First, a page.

Paul Cézanne’s Painted Apples

It was with the humble apple that artist Paul Cézanne chose to challenge both his own method of painting but also the art world of Paris, famously throwing down the gauntlet with the bold statement ‘with an apple I want to astonish Paris’.

Cézanne’s painted apples mark an important point in the artist’s career as well as the history of art. The artist’s approach to capturing the humble fruit sparked a radical rethinking of the painting rule book and would become a defining characteristic of his own style and character.

The French artist and post-impressionist painter Paul Cézanne was born on 19th January 1839. Well known for his landscape and still life paintings, he famously made the following bold statement:

“With an apple I want to astonish Paris”

Part provocation, part personal quest, Cézanne’s mission was to radically rethink how three-dimensional objects could be captured in paint and incorporate multiple viewpoints instead of one-point perspective. In depicting an apple in this way, Cézanne not only brilliantly captures the likeness of an apple but also the truth of how we might perceive one in a physical setting. His experiments brought about a new direction for representation in art which challenged form, perspective and colour theory and initially shocked critics.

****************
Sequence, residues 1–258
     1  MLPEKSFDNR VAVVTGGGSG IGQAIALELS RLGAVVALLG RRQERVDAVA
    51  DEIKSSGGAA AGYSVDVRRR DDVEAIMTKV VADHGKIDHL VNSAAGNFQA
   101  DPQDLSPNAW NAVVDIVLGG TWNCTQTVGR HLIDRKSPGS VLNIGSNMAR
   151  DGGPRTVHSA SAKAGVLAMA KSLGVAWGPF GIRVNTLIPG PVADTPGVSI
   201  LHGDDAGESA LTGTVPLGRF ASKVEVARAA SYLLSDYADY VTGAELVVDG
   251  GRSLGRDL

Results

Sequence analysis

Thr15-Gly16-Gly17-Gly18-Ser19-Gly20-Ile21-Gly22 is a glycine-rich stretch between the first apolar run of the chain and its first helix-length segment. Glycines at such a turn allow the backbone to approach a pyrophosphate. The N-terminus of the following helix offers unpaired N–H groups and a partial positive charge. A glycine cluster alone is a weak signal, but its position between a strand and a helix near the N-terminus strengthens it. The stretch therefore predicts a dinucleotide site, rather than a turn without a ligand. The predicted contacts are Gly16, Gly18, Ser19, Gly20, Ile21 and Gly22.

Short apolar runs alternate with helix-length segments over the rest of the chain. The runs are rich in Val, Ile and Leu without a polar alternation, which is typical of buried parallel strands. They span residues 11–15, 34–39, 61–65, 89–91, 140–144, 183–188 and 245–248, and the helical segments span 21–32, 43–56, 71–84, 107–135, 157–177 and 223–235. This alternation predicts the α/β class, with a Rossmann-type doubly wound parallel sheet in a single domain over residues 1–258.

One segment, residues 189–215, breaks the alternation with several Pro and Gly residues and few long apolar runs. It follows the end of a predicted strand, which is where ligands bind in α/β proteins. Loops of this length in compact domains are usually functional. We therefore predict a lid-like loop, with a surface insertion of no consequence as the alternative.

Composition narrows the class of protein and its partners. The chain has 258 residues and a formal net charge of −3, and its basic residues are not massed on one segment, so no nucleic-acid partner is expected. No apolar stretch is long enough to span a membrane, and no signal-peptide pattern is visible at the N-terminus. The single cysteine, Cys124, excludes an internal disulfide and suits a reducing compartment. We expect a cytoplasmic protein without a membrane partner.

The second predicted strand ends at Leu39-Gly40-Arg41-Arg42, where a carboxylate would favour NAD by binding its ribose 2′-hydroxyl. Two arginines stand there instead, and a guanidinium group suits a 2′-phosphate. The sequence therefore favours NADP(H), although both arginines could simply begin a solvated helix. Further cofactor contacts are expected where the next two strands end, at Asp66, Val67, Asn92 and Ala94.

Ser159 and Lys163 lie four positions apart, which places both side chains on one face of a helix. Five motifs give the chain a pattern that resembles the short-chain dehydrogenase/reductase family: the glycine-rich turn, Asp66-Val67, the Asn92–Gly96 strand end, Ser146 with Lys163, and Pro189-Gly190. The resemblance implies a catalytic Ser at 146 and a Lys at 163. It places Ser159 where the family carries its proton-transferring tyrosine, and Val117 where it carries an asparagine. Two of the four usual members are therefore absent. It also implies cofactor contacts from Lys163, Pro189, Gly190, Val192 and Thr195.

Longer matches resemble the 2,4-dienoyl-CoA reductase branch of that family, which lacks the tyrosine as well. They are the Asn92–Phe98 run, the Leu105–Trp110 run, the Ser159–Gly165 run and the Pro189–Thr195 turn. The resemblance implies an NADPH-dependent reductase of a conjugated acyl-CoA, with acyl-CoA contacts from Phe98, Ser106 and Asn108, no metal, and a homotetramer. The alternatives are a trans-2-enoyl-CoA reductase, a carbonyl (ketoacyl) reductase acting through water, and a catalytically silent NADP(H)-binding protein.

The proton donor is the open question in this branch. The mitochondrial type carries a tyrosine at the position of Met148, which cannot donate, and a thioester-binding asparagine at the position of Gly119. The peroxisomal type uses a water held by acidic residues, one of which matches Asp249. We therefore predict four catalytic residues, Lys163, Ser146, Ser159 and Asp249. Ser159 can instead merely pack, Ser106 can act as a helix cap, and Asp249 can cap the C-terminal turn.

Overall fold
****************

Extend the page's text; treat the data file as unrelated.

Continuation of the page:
“Of an ordinary painter’s apple you say, ‘I could take a bite out of it.’ . . . Of an apple by Cézanne one says: ‘How beautiful!’ ”

Paul Sérusier

So why did Cézanne choose the apple? One of the many reasons the artist may have used the apple for his artistic experiments was its universal status as a fruit, one which already came laden with global meaning and cultural significance. Thought to embody both earth and the cosmos in Christian symbolism, the apple is also often the marker of a significant human event in paintings such as the all-important fruit of exchange between Adam and Eve in the garden of Eden. It may also reflect Cezanne’s affinity to the rustic, being more at home with the peasants of Provence than the elite in Paris.

Confirmation of the apple’s significance for Cézanne is clear in his ‘Self-Portrait and Apple’ (1882-3) in the collection of the Cincinnati Art Museum. Here the artist depicts his own head in graphite on paper in direct comparison to the form of an apple, which hangs suspended alongside. It is clear the apple has lodged itself firmly in the artist’s mind and his language of art. Even when painting portraits the artist would command his sitters to ‘be an apple!

More widely, the apple itself gathers symbolism with each artist who takes its history and form as inspiration.


The World’s an Apple – The Still Lifes of Paul Cézanne, edited by Benedict Leca, 2014